Home » Construction Tips » Drywall Tips for Interior Walls

Drywall Tips for Interior Walls

Drywall is an insulating material, plasterboard covered in fiberglass, cellulose, or paper. Drywall is also referred to as framing wallboard, gypsum board, or drywall board. Drywall has been in use since the 1950s in the United States, and in some parts of the world, drywall is now used instead of sheet metal roofing.


Drywall has many advantages over other types of building material, but it’s a great choice for those who are renovating or building a new home. The low cost and long durability make drywall a great choice for both interior and exterior uses. Drywall is composed of calcium sulfate mixed with cement or sand that can be applied directly to wooden frames or between plasterboard panels. Drywall can also be purchased as a wide range of interlocking sheets installed, just like standard drywall. The drywall may be painted with a special acrylic primer or used with decorative paint for an interior wall.

Drywall is constructed by gluing sheets of plastic, fiberglass, or wood together using a silicone compound. Each layer has a different thickness and compound applications, called “compounds.” Commonly, the compound is made up of finely ground sand or wood fibers. The fine ground material provides an excellent seal and allows for flexibility and contraction. The drywall sheets are fitted together with a special joint compound with a tiny airtight pocket that keeps the sheet from expanding or contracting when heated.

A drywall panel is cut to the correct size and height and held in tacky glue or with nails. Panels are available in different widths and wall thicknesses and can be painted with a wide array of colors. When selecting a color for your drywall, consider your intended application and the decor of your room. Painting a thicker wall may add weight and bulk, so consider the look you want to achieve before choosing a paint color. For a light, airy look to a room, consider using a pale blue or beige color.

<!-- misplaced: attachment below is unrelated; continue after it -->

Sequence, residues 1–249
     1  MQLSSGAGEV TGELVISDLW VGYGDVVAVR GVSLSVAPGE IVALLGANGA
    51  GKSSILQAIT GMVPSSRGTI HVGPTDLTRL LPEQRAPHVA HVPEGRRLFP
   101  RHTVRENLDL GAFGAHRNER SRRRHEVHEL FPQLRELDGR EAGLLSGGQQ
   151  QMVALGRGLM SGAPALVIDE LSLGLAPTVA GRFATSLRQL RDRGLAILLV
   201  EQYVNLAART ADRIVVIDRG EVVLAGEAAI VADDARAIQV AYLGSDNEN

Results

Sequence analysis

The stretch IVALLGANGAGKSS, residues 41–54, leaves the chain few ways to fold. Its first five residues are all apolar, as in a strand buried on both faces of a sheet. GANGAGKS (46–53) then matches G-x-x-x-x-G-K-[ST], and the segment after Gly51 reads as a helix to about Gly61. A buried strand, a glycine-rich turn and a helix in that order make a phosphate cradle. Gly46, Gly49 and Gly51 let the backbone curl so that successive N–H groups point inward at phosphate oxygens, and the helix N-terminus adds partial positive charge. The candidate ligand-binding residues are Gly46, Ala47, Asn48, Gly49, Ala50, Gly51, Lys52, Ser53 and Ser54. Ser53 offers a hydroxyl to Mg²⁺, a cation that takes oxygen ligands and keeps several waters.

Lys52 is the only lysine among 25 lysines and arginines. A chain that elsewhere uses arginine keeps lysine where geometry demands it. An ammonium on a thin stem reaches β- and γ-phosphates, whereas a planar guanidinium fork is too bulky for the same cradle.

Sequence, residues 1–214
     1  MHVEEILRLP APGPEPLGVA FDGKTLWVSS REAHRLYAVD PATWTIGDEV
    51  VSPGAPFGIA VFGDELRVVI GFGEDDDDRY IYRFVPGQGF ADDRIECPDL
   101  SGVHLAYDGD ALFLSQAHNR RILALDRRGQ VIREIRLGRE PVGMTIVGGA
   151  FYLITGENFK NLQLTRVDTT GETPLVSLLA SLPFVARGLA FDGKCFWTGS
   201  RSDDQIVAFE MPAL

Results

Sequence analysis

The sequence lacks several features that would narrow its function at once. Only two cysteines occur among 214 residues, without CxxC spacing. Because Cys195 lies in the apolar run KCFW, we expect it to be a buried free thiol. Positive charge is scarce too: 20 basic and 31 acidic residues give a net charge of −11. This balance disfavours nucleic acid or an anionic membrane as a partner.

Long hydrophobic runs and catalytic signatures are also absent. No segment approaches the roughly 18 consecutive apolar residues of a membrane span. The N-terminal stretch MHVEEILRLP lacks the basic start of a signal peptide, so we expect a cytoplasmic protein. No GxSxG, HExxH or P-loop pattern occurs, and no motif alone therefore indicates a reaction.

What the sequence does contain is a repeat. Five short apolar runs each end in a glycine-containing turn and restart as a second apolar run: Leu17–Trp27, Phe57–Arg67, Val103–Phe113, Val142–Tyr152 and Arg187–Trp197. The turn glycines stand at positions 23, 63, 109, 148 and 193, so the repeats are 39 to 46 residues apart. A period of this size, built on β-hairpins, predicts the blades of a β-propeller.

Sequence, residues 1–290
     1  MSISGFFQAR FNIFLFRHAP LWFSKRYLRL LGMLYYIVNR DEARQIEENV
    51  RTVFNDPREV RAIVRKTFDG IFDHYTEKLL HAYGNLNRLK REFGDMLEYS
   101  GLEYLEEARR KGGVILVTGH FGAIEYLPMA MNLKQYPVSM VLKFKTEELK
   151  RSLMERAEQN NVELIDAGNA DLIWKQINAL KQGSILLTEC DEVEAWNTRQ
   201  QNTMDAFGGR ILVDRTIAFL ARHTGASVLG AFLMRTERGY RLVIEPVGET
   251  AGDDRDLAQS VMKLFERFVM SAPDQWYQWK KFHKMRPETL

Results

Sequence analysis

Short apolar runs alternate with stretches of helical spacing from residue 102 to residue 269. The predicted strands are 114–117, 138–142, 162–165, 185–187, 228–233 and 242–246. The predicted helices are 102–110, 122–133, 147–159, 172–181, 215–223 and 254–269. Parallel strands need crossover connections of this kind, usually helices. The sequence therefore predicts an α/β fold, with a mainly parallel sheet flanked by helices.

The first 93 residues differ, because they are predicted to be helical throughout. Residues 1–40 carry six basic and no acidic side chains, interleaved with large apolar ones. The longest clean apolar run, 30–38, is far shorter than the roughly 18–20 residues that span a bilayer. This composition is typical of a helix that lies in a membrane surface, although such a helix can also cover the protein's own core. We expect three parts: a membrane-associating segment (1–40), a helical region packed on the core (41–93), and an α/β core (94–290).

Drying time depends on the application method you use and how you lay your drywall. For the gypsum board that needs to be painted, it usually takes two or three hours. Exercising will help to speed up the drying time but is not necessary. However, using a power washer will remove any bubbles or moisture from the surface of your drywall material.

Drywall and plaster work best together for traditional homes that have a more modern or contemporary design style. The mixing of drywall and plaster can be a challenge, so make sure that you follow all instructions carefully. The best combination for both drywall and plaster is to start mixing your building material a day before you will need it to finish your walls. This allows the walls to dry completely between coats.

For masonry drywall, plasterboard and gypsum board it is best to work in smaller increments. Determining how much drywall material to purchase, and where to place each piece, is an important part of the planning process. A standard 16 inch by 16 inch drywall panel works well for most applications. Laying your own drywall can save money and take a lot of guesswork out of the process, but is not recommended for those who are not confident in their abilities.

Finding the right type of drywall for your application can be confusing. There are drywall types designed for interior walls only, sheet music and tile, sheet metal. If your drywall will be exposed to moisture, there are two types to consider: gypsum board and oil-based drywall adhesive. Sheet music and sheet metal are available in both long and short lengths. Engineered wood and aluminum drywall panels are engineered to last longer than typical drywall.